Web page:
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News

Haptic interaction with a virtual globe

Fraunhofer-Gesellschaft Zur Forderung Der Angewandten Forschung E.V. : 13 March, 2003  (Company News)
Polarization glasses in position, data gloves on, and then into the CAVE, a room in which computer-generated images are projected onto the walls, this is how people have so far ventured into virtual worlds.
Now virtual reality can also be found at the PC workstation: Researchers at the HHI have developed a special monitor that displays virtual objects as high-resolution aerial images directly before the user's eyes. The user sees the model floating in the air about twenty centimeters in front of the actual screen. Shutter glasses are not required since the images are projected directly onto the eyes.

To create the impression of three-dimensional space, the images are calculated separately according to the viewing perspective of the left and right eyes. These two images are then projected onto the respective eye. 'This new type of display offers almost perfect visualization of 3D computer-generated objects,' says Klaus Schenke, HHI researcher, showing his enthusiasm for the high-resolution, eye-friendly screen.

A further advantage of the display is that it allows virtual models and real tools to be eqally seamlessly merged. The researchers use this property in mixed-reality applications. 'Mixed reality is an environment that equally combines elements of both virtual reality and the real world,' explains Schenke. A computer-generated globe of the world can thus be rotated, simply by using the hand, like a real globe. A video hand-tracker records the movement of the hand and the computer subsequently calculates how the virtual globe should rotate. There is no need to use a data glove to move or manipulate the three-dimensional model. Furthermore, the 3D workstation can also be equipped with a conventional force feedback system. This enables users to 'feel' the globe. On touching the virtual globe, the presence of haptic feedback is clearly perceptible.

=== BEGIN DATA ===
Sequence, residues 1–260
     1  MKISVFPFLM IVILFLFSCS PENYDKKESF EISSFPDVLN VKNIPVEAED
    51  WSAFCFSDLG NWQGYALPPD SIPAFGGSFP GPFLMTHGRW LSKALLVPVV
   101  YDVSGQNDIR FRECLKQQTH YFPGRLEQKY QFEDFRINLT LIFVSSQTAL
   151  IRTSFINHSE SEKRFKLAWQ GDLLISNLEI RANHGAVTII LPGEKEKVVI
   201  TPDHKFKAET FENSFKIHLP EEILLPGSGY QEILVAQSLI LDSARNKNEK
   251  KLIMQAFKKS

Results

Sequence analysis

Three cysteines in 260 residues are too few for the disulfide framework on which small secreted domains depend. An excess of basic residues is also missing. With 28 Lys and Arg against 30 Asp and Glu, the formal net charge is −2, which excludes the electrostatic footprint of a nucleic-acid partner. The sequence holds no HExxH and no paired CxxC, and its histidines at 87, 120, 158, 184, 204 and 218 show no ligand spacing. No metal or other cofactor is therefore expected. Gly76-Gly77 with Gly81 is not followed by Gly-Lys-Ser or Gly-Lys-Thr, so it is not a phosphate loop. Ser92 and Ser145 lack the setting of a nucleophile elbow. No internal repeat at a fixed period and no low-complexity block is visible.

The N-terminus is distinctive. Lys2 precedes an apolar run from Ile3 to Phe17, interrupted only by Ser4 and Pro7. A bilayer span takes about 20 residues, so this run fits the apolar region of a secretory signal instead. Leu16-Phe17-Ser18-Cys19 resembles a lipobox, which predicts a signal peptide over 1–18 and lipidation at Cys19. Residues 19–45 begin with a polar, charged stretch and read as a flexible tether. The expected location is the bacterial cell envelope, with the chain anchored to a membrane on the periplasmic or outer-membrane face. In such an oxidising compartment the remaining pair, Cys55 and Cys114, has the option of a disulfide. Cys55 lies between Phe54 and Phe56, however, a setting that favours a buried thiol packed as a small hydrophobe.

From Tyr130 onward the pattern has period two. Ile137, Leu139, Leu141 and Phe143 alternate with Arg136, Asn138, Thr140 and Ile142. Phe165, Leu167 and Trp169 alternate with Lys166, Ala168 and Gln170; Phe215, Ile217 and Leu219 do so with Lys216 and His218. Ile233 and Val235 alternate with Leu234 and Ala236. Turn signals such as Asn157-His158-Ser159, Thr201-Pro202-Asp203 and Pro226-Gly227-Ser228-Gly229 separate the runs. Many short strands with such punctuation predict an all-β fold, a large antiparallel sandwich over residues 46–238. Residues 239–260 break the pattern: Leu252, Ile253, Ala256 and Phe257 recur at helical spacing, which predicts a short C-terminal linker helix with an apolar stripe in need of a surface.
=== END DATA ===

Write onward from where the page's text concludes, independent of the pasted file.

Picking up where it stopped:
'Mixed reality opens up completely new ways of communicating with computers. Instead of using the mouse and keyboard, the computer can also be operated by hand movements,' says the HHI scientist with regard to the technology's applications. The system even runs on a low-cost PC platform under Windows XP.
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